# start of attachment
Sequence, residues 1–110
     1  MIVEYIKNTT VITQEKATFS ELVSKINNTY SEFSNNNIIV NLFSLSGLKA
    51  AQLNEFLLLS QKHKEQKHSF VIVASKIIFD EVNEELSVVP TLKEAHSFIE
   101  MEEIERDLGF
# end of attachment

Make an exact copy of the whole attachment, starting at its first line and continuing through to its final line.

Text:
Sequence, residues 1–110
     1  MIVEYIKNTT VITQEKATFS ELVSKINNTY SEFSNNNIIV NLFSLSGLKA
    51  AQLNEFLLLS QKHKEQKHSF VIVASKIIFD EVNEELSVVP TLKEAHSFIE
   101  MEEIERDLGF